Colorado House of Representatives Passes Death Penalty Repeal, Bill Awaits Governor’s Signature

By Julia Martinez

The Colorado House of Representatives passed a bill to repeal the death penalty through a formal vote around 4 am and is now awaiting a signature from Democratic Colorado governor Jared Polis.

Although the vote to repeal the death penalty was passed with Democrats holding a 17-vote advantage in the House of Representatives and passed in the Senate the month previously, the Republicans attempted to stall the bill with various methods.

Several Republican representatives proposed bill amendments, argued this was an issue that should be voted on by the people, and Steve Humprey even went as far as reading the Bible for “39 minutes,” according to the Denver Post.

The majority of Democratic representatives viewed letting the people vote on this matter as the easy way out. According to Rep. Jeni Arndt of Fort Collins, “I’m not going to dodge the hard issues by sending them to the people… we are the people.”

Only two Democratic representatives voted in opposition to the repeal, Rhonda Fields and Tom Sullivan, who experienced members of their families being murdered, viewing the death penalty as an outlet for justice. The murder of Tom Sullivan’s son did not receive the death penalty but the murderers of Rhonda Fields’ son and fiancee were two of the three men currently on Colorado’s death row.

The arguments to preserve capital punishment versus to abolish it are surrounded by the idea of either defending families and victims versus defending criminals.

Republicans argue the death penalty should be preserved in regards to its function to “secure guilty pleas from a defendant… sparing victims’ families lengthy and painful trials,” according to Reuters. Although Colorado does not carry out many executions in practice, Republicans argued it was a necessary tactic for prosecution.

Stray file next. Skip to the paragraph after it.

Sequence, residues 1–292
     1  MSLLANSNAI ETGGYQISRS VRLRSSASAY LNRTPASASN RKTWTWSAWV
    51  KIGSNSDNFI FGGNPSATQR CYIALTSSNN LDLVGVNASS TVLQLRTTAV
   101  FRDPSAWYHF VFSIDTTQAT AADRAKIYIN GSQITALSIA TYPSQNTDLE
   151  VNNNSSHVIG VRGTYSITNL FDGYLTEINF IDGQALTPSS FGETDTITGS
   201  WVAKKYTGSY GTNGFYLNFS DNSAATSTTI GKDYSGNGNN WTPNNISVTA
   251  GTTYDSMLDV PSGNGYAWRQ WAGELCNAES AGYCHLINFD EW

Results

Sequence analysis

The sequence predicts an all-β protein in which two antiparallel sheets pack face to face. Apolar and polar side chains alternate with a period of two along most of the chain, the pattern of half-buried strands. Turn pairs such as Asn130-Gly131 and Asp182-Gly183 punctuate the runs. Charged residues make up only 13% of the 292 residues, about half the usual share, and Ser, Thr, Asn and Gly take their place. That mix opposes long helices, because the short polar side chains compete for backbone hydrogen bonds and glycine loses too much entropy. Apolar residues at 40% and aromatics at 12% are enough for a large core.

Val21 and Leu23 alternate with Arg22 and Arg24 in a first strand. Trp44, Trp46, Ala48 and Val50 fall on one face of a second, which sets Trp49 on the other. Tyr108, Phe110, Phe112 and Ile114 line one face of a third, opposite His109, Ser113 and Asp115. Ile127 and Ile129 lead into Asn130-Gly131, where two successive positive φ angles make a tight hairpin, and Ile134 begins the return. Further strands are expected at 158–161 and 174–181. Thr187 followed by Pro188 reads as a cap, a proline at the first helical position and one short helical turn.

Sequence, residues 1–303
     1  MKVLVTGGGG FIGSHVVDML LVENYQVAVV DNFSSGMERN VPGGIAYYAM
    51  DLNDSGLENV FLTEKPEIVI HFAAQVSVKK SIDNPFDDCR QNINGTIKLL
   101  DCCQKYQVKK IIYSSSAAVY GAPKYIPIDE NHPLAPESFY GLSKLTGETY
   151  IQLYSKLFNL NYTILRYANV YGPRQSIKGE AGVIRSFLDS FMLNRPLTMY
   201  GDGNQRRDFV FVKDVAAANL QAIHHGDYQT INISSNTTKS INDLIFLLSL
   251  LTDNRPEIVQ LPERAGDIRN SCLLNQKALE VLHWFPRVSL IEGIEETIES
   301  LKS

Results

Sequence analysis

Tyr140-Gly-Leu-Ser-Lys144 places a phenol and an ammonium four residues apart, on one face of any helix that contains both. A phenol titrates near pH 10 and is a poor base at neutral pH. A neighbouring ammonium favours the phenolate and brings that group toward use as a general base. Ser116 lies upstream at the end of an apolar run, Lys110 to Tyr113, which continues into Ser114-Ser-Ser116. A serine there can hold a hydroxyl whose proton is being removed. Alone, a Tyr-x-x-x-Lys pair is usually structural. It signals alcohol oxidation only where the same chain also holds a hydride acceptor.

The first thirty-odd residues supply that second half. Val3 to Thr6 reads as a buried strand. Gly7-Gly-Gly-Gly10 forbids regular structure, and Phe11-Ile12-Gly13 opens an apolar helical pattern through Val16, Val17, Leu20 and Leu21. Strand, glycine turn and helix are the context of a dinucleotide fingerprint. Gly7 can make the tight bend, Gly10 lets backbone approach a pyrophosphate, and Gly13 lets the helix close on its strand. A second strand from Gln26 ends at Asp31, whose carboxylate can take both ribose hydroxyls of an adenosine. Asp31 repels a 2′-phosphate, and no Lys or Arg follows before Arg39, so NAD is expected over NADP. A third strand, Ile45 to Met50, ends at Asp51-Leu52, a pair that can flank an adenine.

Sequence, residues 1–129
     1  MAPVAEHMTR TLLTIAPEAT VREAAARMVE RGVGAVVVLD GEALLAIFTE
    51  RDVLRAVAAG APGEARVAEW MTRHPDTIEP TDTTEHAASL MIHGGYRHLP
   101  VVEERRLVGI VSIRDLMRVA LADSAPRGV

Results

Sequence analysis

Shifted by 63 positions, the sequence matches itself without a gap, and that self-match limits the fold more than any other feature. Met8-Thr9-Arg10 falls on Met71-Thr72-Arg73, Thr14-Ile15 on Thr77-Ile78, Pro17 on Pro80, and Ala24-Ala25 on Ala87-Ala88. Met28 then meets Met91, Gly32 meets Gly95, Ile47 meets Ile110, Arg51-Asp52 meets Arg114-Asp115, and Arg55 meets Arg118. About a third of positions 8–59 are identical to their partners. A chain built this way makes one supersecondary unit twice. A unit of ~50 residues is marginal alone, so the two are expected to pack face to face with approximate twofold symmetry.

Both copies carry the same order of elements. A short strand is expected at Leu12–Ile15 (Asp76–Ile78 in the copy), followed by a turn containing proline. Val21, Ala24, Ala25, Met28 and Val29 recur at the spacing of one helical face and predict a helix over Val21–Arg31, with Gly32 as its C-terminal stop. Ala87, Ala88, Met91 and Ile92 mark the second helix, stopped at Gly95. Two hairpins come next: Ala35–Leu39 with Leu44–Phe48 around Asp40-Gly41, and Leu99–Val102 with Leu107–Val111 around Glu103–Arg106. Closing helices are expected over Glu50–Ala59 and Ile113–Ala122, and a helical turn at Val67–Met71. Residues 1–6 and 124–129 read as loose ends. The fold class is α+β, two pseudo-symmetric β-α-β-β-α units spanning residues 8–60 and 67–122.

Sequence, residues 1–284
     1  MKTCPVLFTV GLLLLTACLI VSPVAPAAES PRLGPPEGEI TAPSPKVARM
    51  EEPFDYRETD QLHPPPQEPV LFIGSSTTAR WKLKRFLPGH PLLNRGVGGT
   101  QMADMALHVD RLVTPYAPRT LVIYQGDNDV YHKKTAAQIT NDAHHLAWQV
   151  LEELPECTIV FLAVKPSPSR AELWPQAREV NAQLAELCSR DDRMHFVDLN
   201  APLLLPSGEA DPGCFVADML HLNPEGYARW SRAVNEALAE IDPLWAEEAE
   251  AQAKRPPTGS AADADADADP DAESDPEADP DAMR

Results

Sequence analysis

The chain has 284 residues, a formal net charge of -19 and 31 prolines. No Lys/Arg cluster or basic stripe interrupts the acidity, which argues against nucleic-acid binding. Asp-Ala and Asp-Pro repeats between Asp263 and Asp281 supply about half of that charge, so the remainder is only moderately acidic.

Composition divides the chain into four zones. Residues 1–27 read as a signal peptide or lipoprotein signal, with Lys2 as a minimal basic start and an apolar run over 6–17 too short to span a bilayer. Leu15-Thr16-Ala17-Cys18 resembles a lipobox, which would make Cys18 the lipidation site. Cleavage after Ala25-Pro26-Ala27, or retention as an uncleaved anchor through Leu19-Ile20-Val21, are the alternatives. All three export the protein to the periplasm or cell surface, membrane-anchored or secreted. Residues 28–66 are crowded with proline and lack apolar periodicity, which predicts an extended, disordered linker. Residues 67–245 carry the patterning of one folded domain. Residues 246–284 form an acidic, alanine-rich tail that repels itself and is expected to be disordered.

Whereas Democrats make arguments to repeal the death penalty under the advancing technology and nonprofit legal organizations making increasing discoveries of wrongfully convicted individuals on death row, as well as how it disproportionally affects people of color and lower-incomes.

According to Democratic Representative Adrienne Benavidez, “The death penalty is immoral, it is applied inconsistently, and it is the one punishment in our entire justice system that can’t be undone or corrected.”

In a recent Gallup poll, results showed that “Five years ago, most Democrats already favorited life imprisonment to the death penalty, but now nearly eight in 10 do. Independents’ preferences have flipped, from being a slightly pro-death penalty in 2014 to favoring life imprisonment now. Republicans remain in favor of the death penalty but to a lesser degree.”

After hours of discussion, all of the Republicans voted against the appeal, but it was ultimately passed.

The Republican representatives responded to this decision by arguing that the Democrats continue not to allow the citizens’ voices to be heard. According to the Colorado House Republicans via Twitter, “We fought the good fight, but time and time again, Democrats refused our push to give the people a say.”

Governor Jared Polis is said to “sign the bill into law when it reaches his desk”, according to Reuters.

Since 2004, Colorado will be the 22nd state to abolish the death penalty upon Governor Polis’s signature to the bill.

For those who oppose the death penalty, the passing of this bill is a win in another state. However, capital punishment in federal government laws still exist.

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About The Author

The Vanguard Court Watch operates in Yolo, Sacramento and Sacramento Counties with a mission to monitor and report on court cases. Anyone interested in interning at the Courthouse or volunteering to monitor cases should contact the Vanguard at info(at)davisvanguard(dot)org - please email info(at)davisvanguard(dot)org if you find inaccuracies in this report.

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